99 SPECIALIZATION AND TRADE Gains from trade: Liz gains 5 smoothies and 5 salads an hourshe originally produced 20 smoothies and 20 salads. Joe gains 5 smoothies and 5 salads an hourhe originally produced 5 smoothies and 5 salads. The next slide illustrates the gains from trade.

100

101 1.Joe and Liz each produce at point A on their PPFs. Joe has a comparative advantage in producing salads. SPECIALIZATION AND TRADE Liz has a comparative advantage in producing smoothies.

102 Joe and Liz produce more of the good in which they have a comparative advantage. 2. Liz produces 35 smoothies and 5 salads at point B on her PPF. SPECIALIZATION AND TRADE 2. Joe produces 30 salads at point B on his PPF.

103 Joe and Liz trade salads and smoothies at a price of 2 salads per smoothie. Liz sells 10 smoothies and buys 5 salads from Joe. SPECIALIZATION AND TRADE Joe sells 20 salads and buys 10 smoothies from Liz. 3. Both consume at point C, which is outside their PPFs.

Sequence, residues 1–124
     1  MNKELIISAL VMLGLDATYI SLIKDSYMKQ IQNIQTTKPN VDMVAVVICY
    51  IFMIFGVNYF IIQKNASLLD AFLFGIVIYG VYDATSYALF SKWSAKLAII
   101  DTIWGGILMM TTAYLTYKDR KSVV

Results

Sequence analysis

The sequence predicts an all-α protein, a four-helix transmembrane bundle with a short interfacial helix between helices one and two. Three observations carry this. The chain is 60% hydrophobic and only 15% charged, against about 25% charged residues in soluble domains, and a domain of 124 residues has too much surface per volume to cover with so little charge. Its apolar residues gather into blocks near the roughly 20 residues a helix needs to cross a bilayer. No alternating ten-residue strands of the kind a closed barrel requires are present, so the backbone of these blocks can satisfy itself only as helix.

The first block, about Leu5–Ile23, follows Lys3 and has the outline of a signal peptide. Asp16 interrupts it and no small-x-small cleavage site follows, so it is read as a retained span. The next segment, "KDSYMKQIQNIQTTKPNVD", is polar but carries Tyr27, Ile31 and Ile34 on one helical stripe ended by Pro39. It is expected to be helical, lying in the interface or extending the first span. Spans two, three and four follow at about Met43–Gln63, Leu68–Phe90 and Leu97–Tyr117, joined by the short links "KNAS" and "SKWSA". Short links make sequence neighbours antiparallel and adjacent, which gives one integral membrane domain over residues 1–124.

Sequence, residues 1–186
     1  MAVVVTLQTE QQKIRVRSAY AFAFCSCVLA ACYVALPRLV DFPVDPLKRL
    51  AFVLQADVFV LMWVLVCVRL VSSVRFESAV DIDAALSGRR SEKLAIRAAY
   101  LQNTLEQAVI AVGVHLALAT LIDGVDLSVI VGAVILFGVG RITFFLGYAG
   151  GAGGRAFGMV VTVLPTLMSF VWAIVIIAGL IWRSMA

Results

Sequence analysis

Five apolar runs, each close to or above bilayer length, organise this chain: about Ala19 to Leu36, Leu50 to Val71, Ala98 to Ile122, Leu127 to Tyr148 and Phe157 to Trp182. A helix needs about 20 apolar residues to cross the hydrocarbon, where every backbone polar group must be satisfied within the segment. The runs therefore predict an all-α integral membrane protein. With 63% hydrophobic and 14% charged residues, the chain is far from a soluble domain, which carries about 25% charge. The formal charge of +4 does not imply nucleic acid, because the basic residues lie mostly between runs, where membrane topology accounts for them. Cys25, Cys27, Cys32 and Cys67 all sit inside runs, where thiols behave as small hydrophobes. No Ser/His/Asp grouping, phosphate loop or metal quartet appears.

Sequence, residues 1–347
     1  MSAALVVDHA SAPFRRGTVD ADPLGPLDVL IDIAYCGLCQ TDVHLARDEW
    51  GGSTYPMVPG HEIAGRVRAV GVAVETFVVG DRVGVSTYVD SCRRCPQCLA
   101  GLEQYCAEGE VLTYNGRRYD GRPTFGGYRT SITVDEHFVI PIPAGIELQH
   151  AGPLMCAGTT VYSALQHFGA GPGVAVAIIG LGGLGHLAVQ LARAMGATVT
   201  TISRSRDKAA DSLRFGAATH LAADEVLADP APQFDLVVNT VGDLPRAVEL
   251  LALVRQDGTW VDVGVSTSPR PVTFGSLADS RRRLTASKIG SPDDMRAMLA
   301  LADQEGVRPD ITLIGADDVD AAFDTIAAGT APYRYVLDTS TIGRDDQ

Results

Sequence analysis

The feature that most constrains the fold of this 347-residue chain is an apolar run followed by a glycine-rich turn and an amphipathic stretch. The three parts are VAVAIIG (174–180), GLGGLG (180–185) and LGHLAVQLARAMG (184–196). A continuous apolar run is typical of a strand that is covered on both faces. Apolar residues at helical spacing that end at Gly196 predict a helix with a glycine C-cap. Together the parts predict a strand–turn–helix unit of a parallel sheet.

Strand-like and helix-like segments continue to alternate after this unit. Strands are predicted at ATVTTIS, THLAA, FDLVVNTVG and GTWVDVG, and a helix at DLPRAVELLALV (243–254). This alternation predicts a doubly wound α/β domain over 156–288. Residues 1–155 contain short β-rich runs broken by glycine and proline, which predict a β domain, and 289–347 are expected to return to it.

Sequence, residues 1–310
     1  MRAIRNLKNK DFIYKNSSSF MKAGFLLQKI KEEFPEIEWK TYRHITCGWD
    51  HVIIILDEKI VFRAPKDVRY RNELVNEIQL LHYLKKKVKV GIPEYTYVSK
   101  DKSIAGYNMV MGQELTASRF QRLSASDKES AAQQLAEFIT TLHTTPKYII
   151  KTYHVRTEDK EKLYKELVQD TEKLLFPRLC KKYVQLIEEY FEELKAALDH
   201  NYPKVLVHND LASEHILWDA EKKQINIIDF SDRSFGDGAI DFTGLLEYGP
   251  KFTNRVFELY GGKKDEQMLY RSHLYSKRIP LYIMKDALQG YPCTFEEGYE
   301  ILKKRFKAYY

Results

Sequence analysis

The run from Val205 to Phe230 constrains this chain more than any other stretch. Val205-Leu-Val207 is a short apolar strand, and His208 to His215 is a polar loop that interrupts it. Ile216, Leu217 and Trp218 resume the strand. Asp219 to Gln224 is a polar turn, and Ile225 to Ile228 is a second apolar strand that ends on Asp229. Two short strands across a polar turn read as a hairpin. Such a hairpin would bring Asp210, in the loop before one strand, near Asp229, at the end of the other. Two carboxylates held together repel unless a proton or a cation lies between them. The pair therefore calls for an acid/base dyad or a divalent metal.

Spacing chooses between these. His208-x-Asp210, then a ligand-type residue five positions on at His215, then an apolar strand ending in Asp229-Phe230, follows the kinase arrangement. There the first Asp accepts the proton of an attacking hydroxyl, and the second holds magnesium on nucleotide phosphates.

104

105 Another Trade Example Two countries: the U.S. and Japan Two goods: computers and wheat One resource: labor, measured in hours We will look at how much of both goods each country produces and consumes if the country chooses to be self-sufficient if it trades with the other country

106 Production Possibilities in the U.S. The U.S. has 50,000 hours of labor available for production, per month. Producing one computer requires 100 hours of labor. Producing one ton of wheat requires 10 hours of labor.

107 4,000 100 5,000 2,000 1,000 3,000 500200 300400 0 Computers Wheat (tons) The U.S. PPF The U.S. has enough labor to produce 500 computers, or 5000 tons of wheat, or any combination along the PPF.

108 4,000 100 5,000 2,000 1,000 3,000 500200 300400 0 Computers Wheat (tons) The U.S. Without Trade Suppose the U.S. uses half its labor to produce each of the two goods. Then it will produce and consume 250 computers and 2500 tons of wheat.